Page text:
On the high plains there is a lot of nothing. Nothing can be good sometimes because there’s nothing to block the flow of air pumping over those plains. That flow of air has been powering windmills for generations as I learned on a visit to the American Wind Power Museum in Lubbock, Texas.
There is definitely a certain kind of beauty whenever form meets function. In this case, the windmills’ designs are obviously optimized to take full advantage of the blowing wind even in very light breezes. Less obvious design features help to control and balnce the windmill. If the windmill is allowed to spin up as fast as it wants in very blustery conditions then the windmill would litterally come apart in a centrifical explosion. On the other hand, if it is pointing in the wrong direction then it would not spin at all. The design experiments used to control and balance the windmills have led to some interesting shapes over time.
The windmill museum is interesting because they explain and display a lot of those shapes all together. Some of the windmills displayed only exist in America here. I’m talking most notably about the Dutch design. The Dutch windmill looked authentic to me. It had careful, unusual wood and metal craftsmanship that looks unlikely to have been fabricated here.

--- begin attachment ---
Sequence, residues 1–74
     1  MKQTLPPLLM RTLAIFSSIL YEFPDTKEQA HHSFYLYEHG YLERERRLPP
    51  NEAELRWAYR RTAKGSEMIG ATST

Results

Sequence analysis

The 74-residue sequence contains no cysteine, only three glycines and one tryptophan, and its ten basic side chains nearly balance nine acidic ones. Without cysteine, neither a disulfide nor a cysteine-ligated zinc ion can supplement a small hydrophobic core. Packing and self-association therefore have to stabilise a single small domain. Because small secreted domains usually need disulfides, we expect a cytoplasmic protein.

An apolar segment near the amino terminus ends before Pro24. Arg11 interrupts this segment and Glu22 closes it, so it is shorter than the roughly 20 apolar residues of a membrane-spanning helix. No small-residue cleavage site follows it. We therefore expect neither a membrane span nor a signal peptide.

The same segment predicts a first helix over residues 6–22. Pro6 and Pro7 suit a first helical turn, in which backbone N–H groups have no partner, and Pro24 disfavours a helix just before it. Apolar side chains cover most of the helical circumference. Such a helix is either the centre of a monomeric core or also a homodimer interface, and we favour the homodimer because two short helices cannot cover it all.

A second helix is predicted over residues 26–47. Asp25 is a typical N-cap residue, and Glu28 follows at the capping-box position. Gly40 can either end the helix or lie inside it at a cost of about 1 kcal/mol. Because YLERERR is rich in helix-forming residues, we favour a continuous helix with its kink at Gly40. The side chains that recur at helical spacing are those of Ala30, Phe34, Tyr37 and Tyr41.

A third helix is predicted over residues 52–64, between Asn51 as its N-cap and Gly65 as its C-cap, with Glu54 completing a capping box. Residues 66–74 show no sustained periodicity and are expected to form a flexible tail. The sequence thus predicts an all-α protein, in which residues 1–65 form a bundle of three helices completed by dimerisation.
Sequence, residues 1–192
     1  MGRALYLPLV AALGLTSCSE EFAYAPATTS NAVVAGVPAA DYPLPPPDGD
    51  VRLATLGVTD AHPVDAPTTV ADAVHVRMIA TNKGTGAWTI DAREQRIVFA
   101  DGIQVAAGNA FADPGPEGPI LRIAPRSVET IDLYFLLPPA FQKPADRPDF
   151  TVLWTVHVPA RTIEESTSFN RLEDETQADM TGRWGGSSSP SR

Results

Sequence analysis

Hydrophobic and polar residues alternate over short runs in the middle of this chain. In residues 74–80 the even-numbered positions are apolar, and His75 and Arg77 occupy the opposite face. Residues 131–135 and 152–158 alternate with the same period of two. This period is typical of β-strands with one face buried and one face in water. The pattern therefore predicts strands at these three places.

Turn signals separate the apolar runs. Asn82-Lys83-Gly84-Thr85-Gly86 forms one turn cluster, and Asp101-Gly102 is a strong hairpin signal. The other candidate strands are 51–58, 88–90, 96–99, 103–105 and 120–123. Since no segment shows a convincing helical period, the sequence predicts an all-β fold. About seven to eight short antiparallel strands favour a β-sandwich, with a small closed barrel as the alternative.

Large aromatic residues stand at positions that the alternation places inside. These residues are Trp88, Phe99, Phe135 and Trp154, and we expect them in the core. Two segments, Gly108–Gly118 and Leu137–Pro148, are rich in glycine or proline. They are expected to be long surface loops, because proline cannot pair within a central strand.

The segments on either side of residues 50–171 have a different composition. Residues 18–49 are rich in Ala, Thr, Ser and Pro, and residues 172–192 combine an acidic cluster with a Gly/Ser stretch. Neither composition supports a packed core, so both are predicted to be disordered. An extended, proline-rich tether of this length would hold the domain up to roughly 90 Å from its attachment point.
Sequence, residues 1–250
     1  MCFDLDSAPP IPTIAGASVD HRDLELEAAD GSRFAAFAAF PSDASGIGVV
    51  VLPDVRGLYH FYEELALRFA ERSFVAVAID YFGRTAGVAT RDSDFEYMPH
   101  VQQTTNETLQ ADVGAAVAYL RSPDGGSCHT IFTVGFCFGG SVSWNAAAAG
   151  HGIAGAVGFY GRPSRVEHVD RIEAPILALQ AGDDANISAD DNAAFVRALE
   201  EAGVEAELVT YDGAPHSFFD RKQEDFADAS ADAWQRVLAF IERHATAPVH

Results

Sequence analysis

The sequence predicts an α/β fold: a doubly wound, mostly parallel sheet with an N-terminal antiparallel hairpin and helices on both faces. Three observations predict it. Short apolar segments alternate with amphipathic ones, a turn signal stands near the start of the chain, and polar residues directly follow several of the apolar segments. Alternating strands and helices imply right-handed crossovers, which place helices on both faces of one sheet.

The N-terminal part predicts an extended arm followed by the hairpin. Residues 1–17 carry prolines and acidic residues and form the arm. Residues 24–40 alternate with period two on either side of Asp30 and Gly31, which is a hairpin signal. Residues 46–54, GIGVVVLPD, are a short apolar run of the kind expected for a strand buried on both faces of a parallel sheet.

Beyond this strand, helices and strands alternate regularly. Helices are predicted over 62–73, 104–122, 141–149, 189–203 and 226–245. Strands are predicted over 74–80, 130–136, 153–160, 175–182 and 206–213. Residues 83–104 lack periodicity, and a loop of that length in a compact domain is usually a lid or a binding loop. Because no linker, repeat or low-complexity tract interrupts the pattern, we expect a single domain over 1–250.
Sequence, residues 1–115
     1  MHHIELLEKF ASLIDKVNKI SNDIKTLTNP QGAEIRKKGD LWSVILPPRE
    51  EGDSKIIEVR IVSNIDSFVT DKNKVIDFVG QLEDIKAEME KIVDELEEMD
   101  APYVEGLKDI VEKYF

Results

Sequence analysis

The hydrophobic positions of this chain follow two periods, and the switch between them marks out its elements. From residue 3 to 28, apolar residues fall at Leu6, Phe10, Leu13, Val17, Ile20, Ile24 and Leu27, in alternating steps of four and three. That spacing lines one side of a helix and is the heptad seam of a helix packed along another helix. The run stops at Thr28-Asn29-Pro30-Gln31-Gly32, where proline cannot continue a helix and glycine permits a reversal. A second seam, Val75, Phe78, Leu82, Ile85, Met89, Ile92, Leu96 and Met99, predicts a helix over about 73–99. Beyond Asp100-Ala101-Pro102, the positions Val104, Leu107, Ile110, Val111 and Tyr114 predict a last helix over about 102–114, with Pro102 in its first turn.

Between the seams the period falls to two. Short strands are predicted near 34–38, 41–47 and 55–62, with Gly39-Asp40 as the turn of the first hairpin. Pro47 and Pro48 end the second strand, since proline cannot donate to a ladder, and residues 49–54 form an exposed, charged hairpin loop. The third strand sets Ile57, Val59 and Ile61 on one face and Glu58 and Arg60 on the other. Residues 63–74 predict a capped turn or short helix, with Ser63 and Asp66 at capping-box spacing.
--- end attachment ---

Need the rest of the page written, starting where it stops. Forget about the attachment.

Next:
The people who run the museum definitely appreciate art. In the covered outside area of the museum there is a very large wall. There was an artist in a portable lift probably about 60 feet off of the ground working on the mural in the room. The mural was a landscape devoted to farm and windmill life. It was quite obviously a major undertaking.
Some of these photos were taken while the museum was open but, most were before and after hours “through the fence” shots.
See some more of the photos that I took here or click below.